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New York City Expands the Scope of Its Ban-the-Box Law

On January 10, 2021 amendments to New York City’s Fair Chance Act (FCA) (“Ban-the-Box”) were signed into law and take effect on July 28, 2021. The original law prohibited employers with 4 or more employees from asking about an applicant’s pending arrest or criminal conviction record until after making a conditional job offer. The New York Fair Chance Act will now apply to all employers regarding employees in NYC.


The amendments impose significant restrictions on an employer’s ability to take adverse action against a job applicant or current employee based on pending criminal charges or arrests, or convictions during employment.


The FCA amendments establish “relevant fair chance factors” that employers must consider before taking adverse action against a job applicant or employee based on a pending arrest, criminal accusation or criminal conviction. These “relevant fair chance factors” include the following:

- The duties and responsibilities necessarily related to the employment sought or held by the individual;

- The bearing, if any, of criminal offenses or alleged wrongdoing on the individual’s fitness or ability to perform the duties of the position;

- Whether the individual was 25 years old or younger at the time of the occurrence of the criminal offense(s) for which the individual was convicted, or that are alleged in the case of pending arrests or criminal accusations;

- The seriousness of the offense(s);

- The employer’s legitimate interest in protecting property, and the safety and welfare of specific individuals or the general public;

- Any additional information provided either by or on behalf of the applicant or employee regarding the individual’s rehabilitation or good conduct.


Under the FCA amendments, an employer can withdraw a conditional offer of employment or take adverse action only after identifying either of the following:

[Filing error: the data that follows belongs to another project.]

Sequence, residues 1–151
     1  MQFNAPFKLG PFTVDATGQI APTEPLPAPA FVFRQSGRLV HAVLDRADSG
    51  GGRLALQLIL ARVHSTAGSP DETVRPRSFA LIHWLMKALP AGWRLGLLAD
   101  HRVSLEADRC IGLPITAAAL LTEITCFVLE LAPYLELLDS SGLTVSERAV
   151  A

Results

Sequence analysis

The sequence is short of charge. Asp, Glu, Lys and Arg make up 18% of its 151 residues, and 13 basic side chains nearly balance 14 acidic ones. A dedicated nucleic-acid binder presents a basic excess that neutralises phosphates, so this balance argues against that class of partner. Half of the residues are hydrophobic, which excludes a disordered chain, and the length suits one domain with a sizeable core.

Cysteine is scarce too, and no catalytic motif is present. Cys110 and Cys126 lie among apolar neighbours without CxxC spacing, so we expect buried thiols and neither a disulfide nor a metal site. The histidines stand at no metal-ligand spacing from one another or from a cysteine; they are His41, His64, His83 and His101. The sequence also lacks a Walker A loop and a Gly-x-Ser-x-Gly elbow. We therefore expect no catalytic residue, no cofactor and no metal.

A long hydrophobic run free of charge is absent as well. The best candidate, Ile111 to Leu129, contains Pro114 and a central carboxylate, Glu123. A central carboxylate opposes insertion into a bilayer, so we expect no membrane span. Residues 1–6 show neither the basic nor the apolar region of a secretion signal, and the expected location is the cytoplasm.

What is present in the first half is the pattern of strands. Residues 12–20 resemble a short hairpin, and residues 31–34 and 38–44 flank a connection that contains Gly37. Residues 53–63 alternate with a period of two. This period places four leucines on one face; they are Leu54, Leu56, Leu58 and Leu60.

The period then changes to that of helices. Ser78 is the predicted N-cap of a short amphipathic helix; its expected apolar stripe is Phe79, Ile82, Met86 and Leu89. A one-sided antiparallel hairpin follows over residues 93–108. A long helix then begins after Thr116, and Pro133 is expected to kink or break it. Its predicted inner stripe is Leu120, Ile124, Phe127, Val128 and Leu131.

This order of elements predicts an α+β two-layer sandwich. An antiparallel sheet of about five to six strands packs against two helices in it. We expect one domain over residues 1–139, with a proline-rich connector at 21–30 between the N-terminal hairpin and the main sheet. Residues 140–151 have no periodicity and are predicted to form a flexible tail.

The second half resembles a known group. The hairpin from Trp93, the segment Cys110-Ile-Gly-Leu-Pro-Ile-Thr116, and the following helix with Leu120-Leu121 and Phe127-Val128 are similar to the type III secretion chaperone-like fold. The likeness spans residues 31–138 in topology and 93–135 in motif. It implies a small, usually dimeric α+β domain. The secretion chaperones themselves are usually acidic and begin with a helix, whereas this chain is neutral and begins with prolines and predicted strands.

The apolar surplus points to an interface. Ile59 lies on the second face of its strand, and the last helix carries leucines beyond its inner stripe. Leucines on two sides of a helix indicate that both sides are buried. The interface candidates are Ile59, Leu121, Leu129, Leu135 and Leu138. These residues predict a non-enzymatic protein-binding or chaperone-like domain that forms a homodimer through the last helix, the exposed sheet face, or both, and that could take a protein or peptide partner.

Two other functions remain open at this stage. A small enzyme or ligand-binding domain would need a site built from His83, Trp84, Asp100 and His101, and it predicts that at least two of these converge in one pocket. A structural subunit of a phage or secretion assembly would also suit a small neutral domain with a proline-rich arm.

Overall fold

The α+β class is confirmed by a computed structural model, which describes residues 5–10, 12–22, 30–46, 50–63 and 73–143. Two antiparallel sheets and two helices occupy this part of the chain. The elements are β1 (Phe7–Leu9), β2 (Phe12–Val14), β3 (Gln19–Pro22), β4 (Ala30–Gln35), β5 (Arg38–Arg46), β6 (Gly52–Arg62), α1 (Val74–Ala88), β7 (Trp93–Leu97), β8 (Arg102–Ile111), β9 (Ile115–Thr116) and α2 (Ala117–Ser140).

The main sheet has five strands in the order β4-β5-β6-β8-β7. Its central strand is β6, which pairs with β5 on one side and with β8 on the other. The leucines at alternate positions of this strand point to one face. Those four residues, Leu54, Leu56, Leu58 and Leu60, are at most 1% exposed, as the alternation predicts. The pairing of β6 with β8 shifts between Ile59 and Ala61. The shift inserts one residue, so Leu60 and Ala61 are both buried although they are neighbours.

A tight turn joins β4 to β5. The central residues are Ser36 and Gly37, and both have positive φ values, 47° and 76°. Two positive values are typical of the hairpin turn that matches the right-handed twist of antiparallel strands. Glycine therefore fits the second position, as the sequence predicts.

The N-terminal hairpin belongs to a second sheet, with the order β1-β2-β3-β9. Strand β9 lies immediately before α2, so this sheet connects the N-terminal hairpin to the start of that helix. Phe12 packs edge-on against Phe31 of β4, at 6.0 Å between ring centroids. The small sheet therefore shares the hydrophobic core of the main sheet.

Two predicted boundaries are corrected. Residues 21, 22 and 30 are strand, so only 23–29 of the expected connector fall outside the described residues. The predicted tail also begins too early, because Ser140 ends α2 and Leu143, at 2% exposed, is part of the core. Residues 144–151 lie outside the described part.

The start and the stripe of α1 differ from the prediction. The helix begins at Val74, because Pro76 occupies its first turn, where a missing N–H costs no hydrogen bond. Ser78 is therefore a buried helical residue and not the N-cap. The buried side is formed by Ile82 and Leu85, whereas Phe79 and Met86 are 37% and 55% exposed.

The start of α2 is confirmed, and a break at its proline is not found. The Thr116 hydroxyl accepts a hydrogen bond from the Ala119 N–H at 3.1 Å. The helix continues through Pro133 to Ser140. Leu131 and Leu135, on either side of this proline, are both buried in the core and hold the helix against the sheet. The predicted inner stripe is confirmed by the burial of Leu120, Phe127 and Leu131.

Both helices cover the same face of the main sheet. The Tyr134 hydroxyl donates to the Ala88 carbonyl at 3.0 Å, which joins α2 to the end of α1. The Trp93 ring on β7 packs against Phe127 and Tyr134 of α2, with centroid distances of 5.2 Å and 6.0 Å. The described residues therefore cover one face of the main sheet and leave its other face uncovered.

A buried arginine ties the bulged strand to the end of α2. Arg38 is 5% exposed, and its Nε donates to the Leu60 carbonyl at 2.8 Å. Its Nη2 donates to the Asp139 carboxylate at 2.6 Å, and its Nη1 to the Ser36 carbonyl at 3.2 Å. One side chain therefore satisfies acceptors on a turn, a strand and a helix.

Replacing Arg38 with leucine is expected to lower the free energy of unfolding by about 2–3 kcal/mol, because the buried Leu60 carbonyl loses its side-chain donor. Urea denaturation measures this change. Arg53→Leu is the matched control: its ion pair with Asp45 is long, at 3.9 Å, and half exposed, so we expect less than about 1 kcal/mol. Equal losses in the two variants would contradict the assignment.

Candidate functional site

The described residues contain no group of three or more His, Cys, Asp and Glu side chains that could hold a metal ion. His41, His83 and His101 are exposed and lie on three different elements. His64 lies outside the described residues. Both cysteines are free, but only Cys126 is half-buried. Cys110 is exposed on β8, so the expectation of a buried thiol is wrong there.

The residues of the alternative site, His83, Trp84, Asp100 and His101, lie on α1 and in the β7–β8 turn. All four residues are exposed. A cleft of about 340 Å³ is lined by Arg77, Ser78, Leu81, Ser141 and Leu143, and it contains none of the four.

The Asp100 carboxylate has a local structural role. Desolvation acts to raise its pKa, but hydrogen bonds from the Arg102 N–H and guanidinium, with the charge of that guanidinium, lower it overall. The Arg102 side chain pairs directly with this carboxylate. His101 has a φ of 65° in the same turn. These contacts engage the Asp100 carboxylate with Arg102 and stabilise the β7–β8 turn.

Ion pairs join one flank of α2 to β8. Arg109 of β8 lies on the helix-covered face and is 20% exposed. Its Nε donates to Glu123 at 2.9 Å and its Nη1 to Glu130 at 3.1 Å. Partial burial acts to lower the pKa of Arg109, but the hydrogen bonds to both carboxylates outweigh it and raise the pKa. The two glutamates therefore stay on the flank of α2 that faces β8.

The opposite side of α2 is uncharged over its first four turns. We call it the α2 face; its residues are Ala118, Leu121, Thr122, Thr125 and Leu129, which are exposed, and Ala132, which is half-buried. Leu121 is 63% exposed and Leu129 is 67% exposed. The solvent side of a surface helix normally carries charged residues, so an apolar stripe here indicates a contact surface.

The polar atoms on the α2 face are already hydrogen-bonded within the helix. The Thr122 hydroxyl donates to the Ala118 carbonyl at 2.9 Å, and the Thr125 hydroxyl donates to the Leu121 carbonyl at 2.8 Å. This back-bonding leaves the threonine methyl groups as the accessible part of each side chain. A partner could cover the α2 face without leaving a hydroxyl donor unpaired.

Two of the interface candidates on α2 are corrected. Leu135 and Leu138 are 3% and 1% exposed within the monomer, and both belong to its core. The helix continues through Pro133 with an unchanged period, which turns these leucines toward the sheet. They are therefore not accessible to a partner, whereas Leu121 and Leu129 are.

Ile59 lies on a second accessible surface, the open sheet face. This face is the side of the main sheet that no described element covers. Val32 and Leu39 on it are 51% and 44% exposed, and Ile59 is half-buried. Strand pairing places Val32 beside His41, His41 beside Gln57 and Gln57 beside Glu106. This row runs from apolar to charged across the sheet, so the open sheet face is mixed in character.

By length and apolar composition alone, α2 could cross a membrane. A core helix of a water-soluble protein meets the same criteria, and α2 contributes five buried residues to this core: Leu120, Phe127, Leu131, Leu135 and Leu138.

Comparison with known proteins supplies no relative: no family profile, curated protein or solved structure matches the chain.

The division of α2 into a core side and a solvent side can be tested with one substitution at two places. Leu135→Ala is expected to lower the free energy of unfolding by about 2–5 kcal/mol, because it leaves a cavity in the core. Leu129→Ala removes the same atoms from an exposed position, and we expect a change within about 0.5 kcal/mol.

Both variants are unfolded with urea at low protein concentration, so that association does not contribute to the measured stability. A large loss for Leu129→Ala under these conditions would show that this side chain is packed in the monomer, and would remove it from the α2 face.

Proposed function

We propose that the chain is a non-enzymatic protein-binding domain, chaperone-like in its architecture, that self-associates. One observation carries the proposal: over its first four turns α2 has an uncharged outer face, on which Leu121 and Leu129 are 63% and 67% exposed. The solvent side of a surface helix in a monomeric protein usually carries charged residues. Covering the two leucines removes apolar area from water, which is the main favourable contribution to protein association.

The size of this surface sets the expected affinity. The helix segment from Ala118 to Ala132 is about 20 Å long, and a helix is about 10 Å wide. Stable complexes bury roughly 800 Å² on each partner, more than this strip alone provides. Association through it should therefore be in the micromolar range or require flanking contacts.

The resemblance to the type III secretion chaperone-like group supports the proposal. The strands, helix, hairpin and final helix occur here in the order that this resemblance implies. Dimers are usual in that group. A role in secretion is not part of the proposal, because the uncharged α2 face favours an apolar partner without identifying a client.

- A direct relationship between the criminal conduct or alleged wrongdoing and the employment sought or held, OR;

- The granting or continuation of the employment would involve an unreasonable risk to property, safety or welfare of specific individuals or the general public.


The FCA amendments also extend protections to current employees in connection with convictions that occur during employment. The current FCA process only applies to applicants for employment but once the amendments take place, the FCA notice and review process will apply before employers take adverse action based upon an employee’s conviction during employment.


The amendments also prohibit employers from considering or inquiring into non-pending arrests and criminal accusations, cases that may be dismissed, youthful offender cases, and convictions sealed under certain sections of criminal procedure law. Additionally, employers may not inquire into, consider, or deny employment based upon violations or non-criminal offenses.


The FCA amendments not only apply to applicants and employees but also to independent contractors and freelance workers. Independent contractors and freelances are considered “employees” for certain purposes under the NYC Human Rights Law, so employers must apply the FCA to these individuals as well.


An employer is, however, permitted to take adverse action against an applicant or employee who deliberately mispresents their arrest or conviction history so long as:

- The adverse action is not based on the employee’s failure to disclose information that a person may not be required to disclose;

- The employer provides the individual with a copy of the documents supporting the employer’s finding of intentional misrepresentation; and

- The individual is given a reasonable time to respond.


Employers have until July 28, 2021, to become familiar with these new employee protections and plan accordingly.Reach out to PMP if you have any questions.



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